Some travelers prefer the control of driving themselves when they’re abroad rather than being constrained to public transportation schedules or paying for taxis. But if you’re interested in driving yourself while abroad, you won’t necessarily be able to just hop in a driver’s seat and go. From driving age restrictions to differing road etiquette, here’s what you need to know before taking the wheel outside of the U.S.

Do research before traveling

If you plan to drive abroad, it’s important to understand your destination’s transportation laws and driving customs before leaving for your trip. You can get this information from the U.S. Department of State, which has a road safety section for every country in the world. You can also get a copy of your destination’s driving laws from the country’s embassy here in the U.S., foreign government tourism offices or from a car rental company in your destination.

Even if you’re not driving, this research can benefit you—as a pedestrian, you can stay safe by being well-versed in the driving habits in your destination.

Obtain an International Driving Permit

It’s illegal to drive without a valid license in most countries. Some countries don’t recognize U.S. driver’s licenses, but more than 150 countries do accept International Driving Permits (IDPs). An IDP serves as an official translation of your U.S. driver’s license—it contains your name, photo and driver information translated into 10 languages. If you do get an IDP, you should still carry your U.S. driver’s license (and your passport) with you at all times.

Consider auto insurance options

Generally, just like your health insurance, your United States auto insurance doesn’t cover you abroad. However, your policy may apply if you drive to neighboring countries, like Canada or Mexico. Check with your insurance provider before you leave to make sure your policy covers you in these countries. Even if your policy is valid elsewhere, it may not meet your destination’s minimum requirements. If you’re under-insured, you can typically purchase additional auto insurance in the U.S. or in your destination.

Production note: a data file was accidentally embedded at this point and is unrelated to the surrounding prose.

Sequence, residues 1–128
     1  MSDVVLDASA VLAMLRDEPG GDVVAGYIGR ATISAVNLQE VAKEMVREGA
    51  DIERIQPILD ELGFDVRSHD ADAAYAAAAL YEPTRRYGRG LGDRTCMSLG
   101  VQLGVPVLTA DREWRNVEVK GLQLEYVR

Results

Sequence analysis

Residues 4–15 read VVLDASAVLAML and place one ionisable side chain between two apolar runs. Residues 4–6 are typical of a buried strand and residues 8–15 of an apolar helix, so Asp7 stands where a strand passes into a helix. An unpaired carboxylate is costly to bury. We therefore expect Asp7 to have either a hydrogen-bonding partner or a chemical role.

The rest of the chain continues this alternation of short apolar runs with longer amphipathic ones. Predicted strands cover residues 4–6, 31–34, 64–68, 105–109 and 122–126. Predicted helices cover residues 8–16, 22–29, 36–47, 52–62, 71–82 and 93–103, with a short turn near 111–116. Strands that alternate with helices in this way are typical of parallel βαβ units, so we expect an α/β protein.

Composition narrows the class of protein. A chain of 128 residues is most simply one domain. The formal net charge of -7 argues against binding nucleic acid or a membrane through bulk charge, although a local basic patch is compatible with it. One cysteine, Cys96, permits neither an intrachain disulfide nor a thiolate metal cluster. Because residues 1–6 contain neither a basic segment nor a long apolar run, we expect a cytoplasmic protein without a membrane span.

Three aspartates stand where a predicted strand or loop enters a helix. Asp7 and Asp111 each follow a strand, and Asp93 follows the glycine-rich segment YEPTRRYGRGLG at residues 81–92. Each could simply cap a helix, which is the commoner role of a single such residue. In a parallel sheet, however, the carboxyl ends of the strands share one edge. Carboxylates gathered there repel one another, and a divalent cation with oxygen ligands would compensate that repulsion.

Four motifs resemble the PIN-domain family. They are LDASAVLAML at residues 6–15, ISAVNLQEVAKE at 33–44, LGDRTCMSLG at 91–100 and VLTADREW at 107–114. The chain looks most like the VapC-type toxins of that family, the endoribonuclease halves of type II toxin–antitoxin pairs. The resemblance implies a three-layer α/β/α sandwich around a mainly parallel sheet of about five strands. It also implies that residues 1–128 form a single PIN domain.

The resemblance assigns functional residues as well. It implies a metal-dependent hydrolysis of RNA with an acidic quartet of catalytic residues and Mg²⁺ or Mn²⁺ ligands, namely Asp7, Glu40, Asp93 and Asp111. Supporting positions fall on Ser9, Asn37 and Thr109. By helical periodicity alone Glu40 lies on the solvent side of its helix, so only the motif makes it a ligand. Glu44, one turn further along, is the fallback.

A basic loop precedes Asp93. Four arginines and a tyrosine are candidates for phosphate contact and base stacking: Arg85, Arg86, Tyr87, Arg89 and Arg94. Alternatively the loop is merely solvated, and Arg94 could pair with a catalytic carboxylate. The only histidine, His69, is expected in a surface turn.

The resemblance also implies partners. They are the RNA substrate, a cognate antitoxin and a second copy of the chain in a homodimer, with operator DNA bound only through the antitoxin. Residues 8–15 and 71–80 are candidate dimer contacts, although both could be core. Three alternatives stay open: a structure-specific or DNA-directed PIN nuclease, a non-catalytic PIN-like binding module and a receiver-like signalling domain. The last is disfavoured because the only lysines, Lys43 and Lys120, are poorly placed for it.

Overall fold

Car rental companies abroad can usually provide you with auto insurance as well. In some cases, you may need to consider purchasing additional insurance coverage if the coverage they provide is not at least equivalent to what you carry at home.

Use a GPS

If you’re not familiar with your destination and where things are located, a GPS can safely help you navigate without having to look down at a map or worry about adequate cell service for directions. If you bring a GPS with you that you purchased in the U.S., it will work, but you may need to buy or download maps for your destination ahead of time. If you rent a GPS from a car rental company abroad, or the rental car comes equipped with one, make sure it speaks English before you leave the rental company.

Follow local etiquette and customs

Before you get into the driver’s seat, make sure you’re familiar with your destination’s rules of the road and etiquette guidelines. Here are some questions to ask about customs before you go:

  • Which side of the road should you drive on?
  • Can you turn right at a red light?
  • What’s the local seatbelt law?
  • What’s the minimum and/or maximum driving age?
  • Should you honk your horn before turning a sharp corner as a warning?
  • Do you need to flash your lights before passing another vehicle?
  • Do you need special road permits in lieu of tolls?
  • Will you encounter a lot of traffic circles?
  • How should you park in the destinations you’ll be visiting?
  • Which lane should you use for passing on a multi-lane highway?

If drivers in your destination drive on the left side of the road, it can be confusing and even scary the first time you do so. You may benefit from practicing in a less populated area when you reach your destination before trying to drive in heavy traffic.

And, of course, use common sense when it comes to road safety—be aware of your surroundings when entering and exiting your car and don’t pick up hitchhikers or strangers.


About The Author

Nicole Jenet is a writer at Scribewise. There's nothing she loves more than the feeling of warm sand beneath her feet and trying new, exotic cuisine. Visit


  1. This is perfect for my friends and I. Thanks for sharing this!

  2. This is an amazing and details blog post that I found really helpful on my driving! Thanks for sharing your blog.

  3. My husband and I are about to travel throughout Europe and will be renting several vehicles. We both have US drivers licenses, but how can we know which countries are the ones where they are invalid? I think that would be good to know so that we know whether or not we should obtain an IDP. Speaking of IDP, though, how do we go about getting that as well?

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